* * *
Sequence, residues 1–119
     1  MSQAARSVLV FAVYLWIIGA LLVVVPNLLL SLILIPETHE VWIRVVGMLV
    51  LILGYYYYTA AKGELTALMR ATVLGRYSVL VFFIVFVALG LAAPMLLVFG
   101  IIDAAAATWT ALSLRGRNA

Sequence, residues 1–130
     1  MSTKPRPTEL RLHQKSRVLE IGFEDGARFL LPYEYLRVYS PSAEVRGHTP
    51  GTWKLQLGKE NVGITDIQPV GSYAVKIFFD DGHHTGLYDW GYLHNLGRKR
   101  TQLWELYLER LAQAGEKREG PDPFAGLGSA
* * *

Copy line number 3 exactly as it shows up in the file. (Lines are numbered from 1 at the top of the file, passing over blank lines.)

    51  LILGYYYYTA AKGELTALMR ATVLGRYSVL VFFIVFVALG LAAPMLLVFG